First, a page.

Thursday, July 31, 2014

Bago? Bagone! Bawent!

Being a Caucasian person in SE Asia always involves a certain amount of stare factor.  People look at you. Sometime sideways. Sometimes as a double take.  Sometimes they just stare blatantly right at you, slack jawed, overwhelmed by the novelty of someone who doesn't look like they do, someone who looks like those folks on TV, stumbling into their otherwise foreigner-free existence.

Sometimes we foreigners complain about this reality. Yeah, it can have it's drawbacks at times. Being treated like you're some inherently amusing white clown has its negative aspects.  Show me the expat in SE Asia who says he's never somewhat enjoyed being treated extraordinarily, like he or she is someone special just because of the color of his or her skin, and I'll show you a liar.  

When I was 20 years old, due to multiple student exchange programs which spanned my high school and college years, I had spent more than 30% of my post-pubescent life living in Indonesia. I was living in a small West Java town and had pretty much 'gone native'.  I resented being treated differently because of the color of my skin (and hair).  I dyed my hair black and told people I'd meet that I was half-Indonesian, half-white.  I spoke the language better than a lot of the native speakers did, so I could pull off this ruse.

Fast forward 25 years, and now I live in Yangon, Burma, after a year living in Bangkok, Thailand.  One of the things I didn't like about Bangkok, to be entirely honest, is that I didn't like not being someone special.  There are about 200,000 people, folks who look like me, westerners, living in Bangkok proper, accounting for about 2% of the population as a whole.  That's a lot of white folk!

In Yangon, we're about 5000 people in a city of 3 million. We're about .015 %  of the population in the most modernized city in Myanmar. Even then, a lot of Yangonions are used to us. We're not that unfamiliar to most people.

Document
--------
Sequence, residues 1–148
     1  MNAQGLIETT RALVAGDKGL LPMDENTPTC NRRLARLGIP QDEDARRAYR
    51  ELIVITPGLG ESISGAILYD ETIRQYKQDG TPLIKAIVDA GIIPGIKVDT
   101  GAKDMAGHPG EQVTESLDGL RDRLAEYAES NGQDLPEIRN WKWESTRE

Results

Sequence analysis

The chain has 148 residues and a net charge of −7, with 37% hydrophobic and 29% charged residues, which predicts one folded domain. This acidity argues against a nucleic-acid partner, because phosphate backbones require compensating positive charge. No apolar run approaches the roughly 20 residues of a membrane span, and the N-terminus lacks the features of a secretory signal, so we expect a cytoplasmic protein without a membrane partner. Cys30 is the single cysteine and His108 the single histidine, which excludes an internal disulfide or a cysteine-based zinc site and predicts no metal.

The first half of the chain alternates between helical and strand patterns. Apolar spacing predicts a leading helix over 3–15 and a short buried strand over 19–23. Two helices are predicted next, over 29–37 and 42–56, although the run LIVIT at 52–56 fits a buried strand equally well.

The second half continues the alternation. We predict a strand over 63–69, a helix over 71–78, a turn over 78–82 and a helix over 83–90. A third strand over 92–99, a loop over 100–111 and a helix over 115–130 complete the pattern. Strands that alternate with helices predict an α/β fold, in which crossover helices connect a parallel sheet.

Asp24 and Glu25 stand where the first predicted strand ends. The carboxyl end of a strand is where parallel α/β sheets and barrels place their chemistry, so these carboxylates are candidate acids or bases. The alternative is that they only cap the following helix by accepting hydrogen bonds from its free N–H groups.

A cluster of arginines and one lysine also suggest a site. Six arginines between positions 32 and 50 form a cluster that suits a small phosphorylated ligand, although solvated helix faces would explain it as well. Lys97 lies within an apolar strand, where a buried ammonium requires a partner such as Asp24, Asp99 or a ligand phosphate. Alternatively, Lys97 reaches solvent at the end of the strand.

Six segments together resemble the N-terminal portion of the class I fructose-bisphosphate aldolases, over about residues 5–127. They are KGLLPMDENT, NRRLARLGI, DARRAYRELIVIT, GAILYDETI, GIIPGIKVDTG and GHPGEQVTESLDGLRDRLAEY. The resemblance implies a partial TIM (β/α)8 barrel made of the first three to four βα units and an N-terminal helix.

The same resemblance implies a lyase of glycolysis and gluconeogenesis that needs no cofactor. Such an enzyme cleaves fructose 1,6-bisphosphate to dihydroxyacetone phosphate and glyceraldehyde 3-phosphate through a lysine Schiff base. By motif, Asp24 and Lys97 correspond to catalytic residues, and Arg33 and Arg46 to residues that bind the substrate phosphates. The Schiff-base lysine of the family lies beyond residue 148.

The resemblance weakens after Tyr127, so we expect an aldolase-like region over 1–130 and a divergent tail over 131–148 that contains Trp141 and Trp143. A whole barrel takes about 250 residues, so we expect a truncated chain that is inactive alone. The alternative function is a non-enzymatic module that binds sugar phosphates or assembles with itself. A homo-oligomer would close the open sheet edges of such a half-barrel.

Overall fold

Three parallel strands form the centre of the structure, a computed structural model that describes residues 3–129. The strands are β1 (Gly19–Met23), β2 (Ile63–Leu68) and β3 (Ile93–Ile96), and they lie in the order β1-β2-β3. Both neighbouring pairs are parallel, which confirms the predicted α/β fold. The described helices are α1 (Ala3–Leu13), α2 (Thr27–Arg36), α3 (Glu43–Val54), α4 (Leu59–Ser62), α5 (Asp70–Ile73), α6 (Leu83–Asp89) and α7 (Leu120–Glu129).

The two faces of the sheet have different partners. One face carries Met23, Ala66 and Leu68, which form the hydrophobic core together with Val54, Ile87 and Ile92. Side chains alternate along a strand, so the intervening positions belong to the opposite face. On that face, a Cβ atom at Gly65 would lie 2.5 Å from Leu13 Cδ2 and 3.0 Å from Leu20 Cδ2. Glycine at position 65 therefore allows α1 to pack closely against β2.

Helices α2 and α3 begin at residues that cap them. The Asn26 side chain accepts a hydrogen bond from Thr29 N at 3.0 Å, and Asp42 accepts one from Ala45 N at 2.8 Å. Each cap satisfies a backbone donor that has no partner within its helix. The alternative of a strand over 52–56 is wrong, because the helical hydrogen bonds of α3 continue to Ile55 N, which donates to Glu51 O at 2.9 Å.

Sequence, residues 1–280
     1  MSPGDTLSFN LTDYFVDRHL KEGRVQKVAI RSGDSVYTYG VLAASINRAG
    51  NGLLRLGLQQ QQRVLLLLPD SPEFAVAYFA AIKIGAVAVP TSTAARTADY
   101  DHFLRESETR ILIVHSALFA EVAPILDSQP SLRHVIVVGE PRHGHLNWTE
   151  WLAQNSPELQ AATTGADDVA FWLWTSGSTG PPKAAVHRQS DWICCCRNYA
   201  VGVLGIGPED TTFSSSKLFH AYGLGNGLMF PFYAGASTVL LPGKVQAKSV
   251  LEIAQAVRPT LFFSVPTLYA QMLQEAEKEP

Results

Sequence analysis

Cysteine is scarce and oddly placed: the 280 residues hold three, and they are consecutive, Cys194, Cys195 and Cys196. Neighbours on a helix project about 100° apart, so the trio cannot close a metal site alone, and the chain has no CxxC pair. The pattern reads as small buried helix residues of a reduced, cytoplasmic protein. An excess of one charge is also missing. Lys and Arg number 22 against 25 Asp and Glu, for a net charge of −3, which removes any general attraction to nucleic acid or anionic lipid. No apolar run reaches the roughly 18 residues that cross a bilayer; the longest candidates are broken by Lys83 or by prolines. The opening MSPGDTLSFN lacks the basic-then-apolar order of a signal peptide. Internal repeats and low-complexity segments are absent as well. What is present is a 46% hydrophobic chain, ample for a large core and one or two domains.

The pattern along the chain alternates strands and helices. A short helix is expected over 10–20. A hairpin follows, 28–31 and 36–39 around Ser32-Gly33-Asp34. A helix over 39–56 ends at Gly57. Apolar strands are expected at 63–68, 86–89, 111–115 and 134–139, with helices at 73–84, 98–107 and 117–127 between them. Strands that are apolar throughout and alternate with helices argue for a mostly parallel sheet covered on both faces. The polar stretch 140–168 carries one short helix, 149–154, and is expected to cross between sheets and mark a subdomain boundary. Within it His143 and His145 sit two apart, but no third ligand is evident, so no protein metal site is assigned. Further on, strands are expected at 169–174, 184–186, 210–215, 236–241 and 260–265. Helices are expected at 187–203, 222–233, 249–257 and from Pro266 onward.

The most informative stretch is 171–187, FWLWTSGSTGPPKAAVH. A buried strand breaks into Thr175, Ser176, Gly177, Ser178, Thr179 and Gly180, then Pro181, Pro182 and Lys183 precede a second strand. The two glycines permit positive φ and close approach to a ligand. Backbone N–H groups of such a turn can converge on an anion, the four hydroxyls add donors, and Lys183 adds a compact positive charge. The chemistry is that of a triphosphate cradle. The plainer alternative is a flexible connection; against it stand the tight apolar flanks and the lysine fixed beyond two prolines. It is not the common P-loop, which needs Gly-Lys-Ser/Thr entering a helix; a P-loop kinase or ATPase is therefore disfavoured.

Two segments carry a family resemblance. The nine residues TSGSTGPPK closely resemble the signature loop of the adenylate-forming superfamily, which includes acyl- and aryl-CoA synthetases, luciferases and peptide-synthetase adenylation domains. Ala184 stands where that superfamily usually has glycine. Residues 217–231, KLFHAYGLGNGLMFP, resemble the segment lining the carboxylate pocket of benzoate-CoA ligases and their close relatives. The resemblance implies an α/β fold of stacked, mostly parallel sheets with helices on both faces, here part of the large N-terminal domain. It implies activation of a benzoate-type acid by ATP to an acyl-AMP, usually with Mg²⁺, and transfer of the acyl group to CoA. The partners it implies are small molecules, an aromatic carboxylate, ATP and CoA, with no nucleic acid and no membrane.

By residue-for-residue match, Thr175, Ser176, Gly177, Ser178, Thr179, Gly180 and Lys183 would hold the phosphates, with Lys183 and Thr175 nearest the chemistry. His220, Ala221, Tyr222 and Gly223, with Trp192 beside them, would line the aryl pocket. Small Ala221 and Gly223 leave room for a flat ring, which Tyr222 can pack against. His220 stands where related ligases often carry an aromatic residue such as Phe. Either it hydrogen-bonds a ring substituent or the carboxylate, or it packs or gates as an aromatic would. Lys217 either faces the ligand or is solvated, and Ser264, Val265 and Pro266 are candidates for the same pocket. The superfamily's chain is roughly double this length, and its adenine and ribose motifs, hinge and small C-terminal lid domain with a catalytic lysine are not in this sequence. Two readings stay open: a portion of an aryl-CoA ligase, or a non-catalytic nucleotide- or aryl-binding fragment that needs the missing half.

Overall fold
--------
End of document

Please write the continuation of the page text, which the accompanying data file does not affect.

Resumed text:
Not so in the case of the next big town up the river, Bago.  Being one of the old capitals of Burma before the British came, it has a long history and lots of interesting pagodas and buildings, so it's on the tourist track for the relatively few foreign visitors.  That said, Bago makes Yangon seem like Bangkok.  Everywhere in Bago we went, we were greeted with hearty "HELLO"'s. People were amazed to see us, like we were movie stars in their midst. As you can see on the map, Bago isn't far away; it's about 60 miles away.  In terms of how different a place it is, it's a lot further than that.

About half of this first of two videos shows the train trip up there. The train was actually fun. We paid $1.20 for 'upper class' tickets, which were quite comfortable.  On our trip up there, it was early in the morning, so the weather was pleasant.  The car swayed back and forth almost making you feel like you were on a boat.  Occasionally, the car would literally bounce down the track, launching everyone a few inches off their seats.  The passengers seemingly enjoyed it, smiling like they were on a ride at an amusement park.


Remember this blog when I wrote about the hovel behind my building?  Sadly, the little shack is gone, replaced by a construction site.  I have a quick comment about workplace safety equipment at the start of this video. 

Saturday, July 19, 2014

War Against Monsoon Internet

It's been a tough last few weeks here in Yangon, Myanmar as it pertains to connectivity. I'm not the only one whose noticed. My friends and colleagues have mentioned as well that for whatever reason, our normally abysmally slow internet connections here in the armpit of Southeast Asia have become impossible. If any of y'all remember the late 90's when dial up speeds were talked about in 'baud'... Well, it's like we've gone from 24K baud to 300 baud. No one knows why.

Even now, I've had to go to an internet cafe to upload, and a 4 minute vid at 'medium' resolution is taking an hour and a half to upload.

Forget about human rights and democracy. This country needs faster internet!

Actually, I just read an article in the local paper connecting the collapse of the internet to the arrival of the monsoon. Since when are weather and internet connected?